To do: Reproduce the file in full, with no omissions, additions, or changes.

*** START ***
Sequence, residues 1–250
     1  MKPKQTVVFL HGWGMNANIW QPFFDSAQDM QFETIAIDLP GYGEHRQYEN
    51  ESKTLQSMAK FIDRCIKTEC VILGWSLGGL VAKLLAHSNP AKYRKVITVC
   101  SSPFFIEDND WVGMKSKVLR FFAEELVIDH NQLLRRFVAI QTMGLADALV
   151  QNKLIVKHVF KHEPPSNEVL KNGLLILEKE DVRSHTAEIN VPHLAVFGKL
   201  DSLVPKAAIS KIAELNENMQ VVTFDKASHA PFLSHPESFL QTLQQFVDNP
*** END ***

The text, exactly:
Sequence, residues 1–250
     1  MKPKQTVVFL HGWGMNANIW QPFFDSAQDM QFETIAIDLP GYGEHRQYEN
    51  ESKTLQSMAK FIDRCIKTEC VILGWSLGGL VAKLLAHSNP AKYRKVITVC
   101  SSPFFIEDND WVGMKSKVLR FFAEELVIDH NQLLRRFVAI QTMGLADALV
   151  QNKLIVKHVF KHEPPSNEVL KNGLLILEKE DVRSHTAEIN VPHLAVFGKL
   201  DSLVPKAAIS KIAELNENMQ VVTFDKASHA PFLSHPESFL QTLQQFVDNP